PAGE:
The testing process is such a crucial part of software development. Maximising the development process is key to business, SCL share some of the testing technology tools that they find invaluable to visualise dependencies, eliminate ‘tough-to-find’ bugs (static analysis tools) and ensure code coverage.

Code is an ever-changing and temperamental beast. Those millions of lines, the painstaking work of many different developers, are each dependent on so many factors: other elements of code, the specific architecture that has been mapped out, upgrades and fixes that happen along the way. These dependencies are a normal part of any software project, but without tools to help manage them they can create a tangled mess of code that make it virtually impossible to change the architecture or to fix bugs or defects.

With over half a century of experience in the computing industry, we have built up a pretty good understanding at SCL of what works best. We thought we would share the details with you of some of the testing technology that we find particularly effective, starting with three that, we think, are invaluable for the testing process that is such a crucial part of software development.

1. Lattix Software to visualise dependencies

Lattix Software helps you to understand and visualise code dependencies so you can measure, track and report on changes to your extended development team. Lattix also allows developers to formalise processes by setting design rules, so the team can understand and stick to the intended architecture of the software. How many times have you found that the architecture described in the design document bears no relation to the structure of the code? Worse still, those tricky little dependencies and ‘current architecture’ are often filed in the knowledge of your longest lasting developer or software architect that everyone always turns to.

Lattix is a great way to improve quality control and speed the delivery of potential new product features to market by creating an accurate, visual ‘blueprint’ of your software architecture, providing the development team with a complete picture and better understanding of the system.

Lattix’s Dependency Structure Matrix (DSM)-based technology algorithms and tools help you to find, fix and prevent ‘bad’ dependencies within your code. As it is a static analysis testing tool, the code is analysed rather than executed, which means that Lattix allows your development team to run scenarios based on the code to see the impact, risks and costs of proposed software changes before the code is executed, increasing coding accuracy, as well as saving time and money.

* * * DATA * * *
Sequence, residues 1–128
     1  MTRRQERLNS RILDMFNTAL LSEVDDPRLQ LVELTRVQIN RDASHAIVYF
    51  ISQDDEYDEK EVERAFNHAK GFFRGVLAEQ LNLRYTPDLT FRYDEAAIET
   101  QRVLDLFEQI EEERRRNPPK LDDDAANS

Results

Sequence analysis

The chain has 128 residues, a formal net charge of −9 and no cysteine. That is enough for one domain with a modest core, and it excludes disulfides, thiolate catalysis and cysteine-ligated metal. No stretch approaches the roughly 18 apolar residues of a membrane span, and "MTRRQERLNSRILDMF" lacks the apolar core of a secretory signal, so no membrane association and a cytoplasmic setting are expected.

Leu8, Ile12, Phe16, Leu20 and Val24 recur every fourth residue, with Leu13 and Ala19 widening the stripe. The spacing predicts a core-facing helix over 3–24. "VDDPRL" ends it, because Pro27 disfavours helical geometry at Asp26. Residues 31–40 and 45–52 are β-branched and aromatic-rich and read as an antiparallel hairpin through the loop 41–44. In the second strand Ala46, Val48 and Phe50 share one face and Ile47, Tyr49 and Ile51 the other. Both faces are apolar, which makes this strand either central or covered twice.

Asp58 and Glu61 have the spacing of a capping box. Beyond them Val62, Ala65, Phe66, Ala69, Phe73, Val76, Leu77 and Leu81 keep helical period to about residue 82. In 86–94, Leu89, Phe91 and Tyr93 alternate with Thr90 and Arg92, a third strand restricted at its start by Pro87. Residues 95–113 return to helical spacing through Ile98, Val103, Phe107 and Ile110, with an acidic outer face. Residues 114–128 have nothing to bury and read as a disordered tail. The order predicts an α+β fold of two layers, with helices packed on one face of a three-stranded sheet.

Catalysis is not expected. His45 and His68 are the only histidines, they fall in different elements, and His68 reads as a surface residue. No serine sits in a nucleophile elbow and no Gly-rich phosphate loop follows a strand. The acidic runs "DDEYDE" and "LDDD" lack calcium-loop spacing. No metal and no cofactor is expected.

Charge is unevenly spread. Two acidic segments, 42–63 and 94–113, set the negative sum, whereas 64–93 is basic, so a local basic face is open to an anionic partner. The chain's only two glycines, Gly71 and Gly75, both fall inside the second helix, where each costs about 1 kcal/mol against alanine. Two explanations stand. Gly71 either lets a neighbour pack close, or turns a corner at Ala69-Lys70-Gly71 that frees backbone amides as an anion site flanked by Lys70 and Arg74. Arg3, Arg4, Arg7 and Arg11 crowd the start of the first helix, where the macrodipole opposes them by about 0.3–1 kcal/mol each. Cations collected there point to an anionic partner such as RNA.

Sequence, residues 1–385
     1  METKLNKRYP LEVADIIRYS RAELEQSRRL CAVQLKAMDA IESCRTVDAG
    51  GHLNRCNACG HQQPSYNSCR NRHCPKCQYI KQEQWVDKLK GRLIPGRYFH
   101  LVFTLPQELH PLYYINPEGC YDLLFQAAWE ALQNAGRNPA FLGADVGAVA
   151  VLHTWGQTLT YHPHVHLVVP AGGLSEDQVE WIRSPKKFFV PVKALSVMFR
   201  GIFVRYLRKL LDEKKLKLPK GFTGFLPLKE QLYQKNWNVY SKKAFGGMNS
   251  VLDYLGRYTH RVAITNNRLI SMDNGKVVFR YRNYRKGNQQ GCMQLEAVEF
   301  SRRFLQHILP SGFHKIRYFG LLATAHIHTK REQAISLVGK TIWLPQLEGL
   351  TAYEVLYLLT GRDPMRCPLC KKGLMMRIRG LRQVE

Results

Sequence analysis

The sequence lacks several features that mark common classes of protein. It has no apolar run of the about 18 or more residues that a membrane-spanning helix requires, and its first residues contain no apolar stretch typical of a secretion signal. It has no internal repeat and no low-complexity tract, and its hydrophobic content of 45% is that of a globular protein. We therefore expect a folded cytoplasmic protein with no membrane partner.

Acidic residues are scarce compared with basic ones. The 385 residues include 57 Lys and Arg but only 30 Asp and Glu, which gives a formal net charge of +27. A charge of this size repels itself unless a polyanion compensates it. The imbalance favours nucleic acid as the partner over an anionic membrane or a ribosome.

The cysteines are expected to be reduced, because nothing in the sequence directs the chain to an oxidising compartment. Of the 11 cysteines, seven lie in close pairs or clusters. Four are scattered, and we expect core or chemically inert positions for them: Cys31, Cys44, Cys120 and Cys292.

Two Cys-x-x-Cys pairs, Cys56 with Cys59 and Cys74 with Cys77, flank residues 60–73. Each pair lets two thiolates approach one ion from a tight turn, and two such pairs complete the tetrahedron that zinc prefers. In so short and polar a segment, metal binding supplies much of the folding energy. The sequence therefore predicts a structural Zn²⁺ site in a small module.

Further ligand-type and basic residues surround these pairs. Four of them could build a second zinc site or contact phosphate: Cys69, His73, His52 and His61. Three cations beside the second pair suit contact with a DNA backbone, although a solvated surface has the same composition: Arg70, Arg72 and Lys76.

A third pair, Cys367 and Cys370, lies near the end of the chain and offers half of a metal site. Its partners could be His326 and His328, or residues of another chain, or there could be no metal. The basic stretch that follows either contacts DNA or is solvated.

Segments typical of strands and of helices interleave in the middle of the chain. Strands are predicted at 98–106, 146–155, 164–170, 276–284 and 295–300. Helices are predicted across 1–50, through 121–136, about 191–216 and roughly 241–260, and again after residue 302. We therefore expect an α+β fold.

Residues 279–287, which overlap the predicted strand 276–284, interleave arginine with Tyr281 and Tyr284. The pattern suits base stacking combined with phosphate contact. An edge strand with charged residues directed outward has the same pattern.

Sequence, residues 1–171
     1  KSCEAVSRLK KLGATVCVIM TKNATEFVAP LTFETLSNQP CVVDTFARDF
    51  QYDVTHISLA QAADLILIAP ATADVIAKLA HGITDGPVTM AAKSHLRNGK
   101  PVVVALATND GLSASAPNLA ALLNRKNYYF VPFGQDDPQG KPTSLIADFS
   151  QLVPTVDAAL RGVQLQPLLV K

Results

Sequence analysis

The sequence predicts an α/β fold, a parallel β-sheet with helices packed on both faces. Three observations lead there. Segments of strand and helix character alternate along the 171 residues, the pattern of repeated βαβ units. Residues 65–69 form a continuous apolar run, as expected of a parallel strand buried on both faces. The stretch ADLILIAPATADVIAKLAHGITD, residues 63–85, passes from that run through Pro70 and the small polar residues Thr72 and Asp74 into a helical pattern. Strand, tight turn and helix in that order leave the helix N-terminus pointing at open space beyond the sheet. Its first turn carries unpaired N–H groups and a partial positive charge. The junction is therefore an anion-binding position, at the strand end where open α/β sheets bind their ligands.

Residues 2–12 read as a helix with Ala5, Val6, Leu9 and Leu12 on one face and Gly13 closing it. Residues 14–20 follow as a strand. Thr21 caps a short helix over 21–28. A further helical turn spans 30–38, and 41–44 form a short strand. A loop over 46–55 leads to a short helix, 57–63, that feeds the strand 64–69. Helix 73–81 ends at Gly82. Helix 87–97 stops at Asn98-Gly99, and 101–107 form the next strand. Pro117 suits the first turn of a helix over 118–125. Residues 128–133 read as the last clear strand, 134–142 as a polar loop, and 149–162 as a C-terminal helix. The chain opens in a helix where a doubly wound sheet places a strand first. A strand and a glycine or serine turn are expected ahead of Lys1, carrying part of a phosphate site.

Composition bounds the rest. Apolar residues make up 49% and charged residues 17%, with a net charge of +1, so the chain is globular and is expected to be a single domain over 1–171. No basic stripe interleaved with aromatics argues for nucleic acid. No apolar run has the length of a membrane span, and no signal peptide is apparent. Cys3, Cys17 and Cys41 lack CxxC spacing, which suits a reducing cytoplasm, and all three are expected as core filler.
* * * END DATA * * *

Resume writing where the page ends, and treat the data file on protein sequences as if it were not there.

2. CodeSonar to eliminate tough-to-find bugs

CodeSonar is also a static analysis tool and one we recommend for identifying bugs and defects in your code as part of the development process. It allows your developers to perform a whole-program analysis of millions of lines of C, C++ and Java source code.

CodeSonar creates a ‘build’ of your software’s code by compiling your source code without the need for modification or instrumentation. This means that developers can test the code as they create it without disrupting or slowing down processes. As the build is based on the software’s actual code, it avoids the problems of false positives associated with early static analysis tools which relied on abstract models.

CodeSonar uses incremental analysis to review changes to the code, making it quick and easy for the team to inspect and fix any bugs as part of their day-to-day routine, long before it gets to the testing team for final review. In addition, CodeSonar analyses the computation of the entire program which uncovers defects with new or unusual patterns. Its flexible and open architecture also makes it easy to import and export data and add your own custom metrics and checks.

3. Testwell to ensure code coverage

After using static analysis to develop quality code, the next step is to test the finished software to ensure it performs as it is meant to in the real world. This requires code coverage testing, which tests the software in a variety of different environments and products to ensure it functions properly. Code coverage testing is essential for achieving health and safety certification for software running in mission critical devices from aeroplanes to defibrillators.

We recommend Testwell CTC++ for code coverage testing. It is powerful, will work with any code compiler and can be deployed to any target with a low instrumentation overhead. Testwell is easy for developers to learn and use and is specifically designed to analyse C, C++, Java, Android and C# code. The tool also allows you to see which parts of the code have been executed.

Testwell’s instant qualification kits make it easy to improve standards and gain certifications in automotive, avionics, rail transportation and medical industries for:

  • DO-178B / DO-178C (all levels) of the Federal Aviation Administration (FAA)
  • ED-12C of EUROCAE (European Organisation for Civil Aviation Equipment)
  • ISO 26262 – Automotive
  • IEC 61508 – Electronic safety related systems
  • EN 50128 – Rail
  • IEC/EN 62304

As with any industry, success is a combination of the skill of the craftsman and the quality of their tools. We are always keeping a look out for what’s new, and looking for new ways to take the pain out of development projects, and we can confidently say that all of the above testing technology is useful, reliable, and if you haven’t come across it yet, do take a look.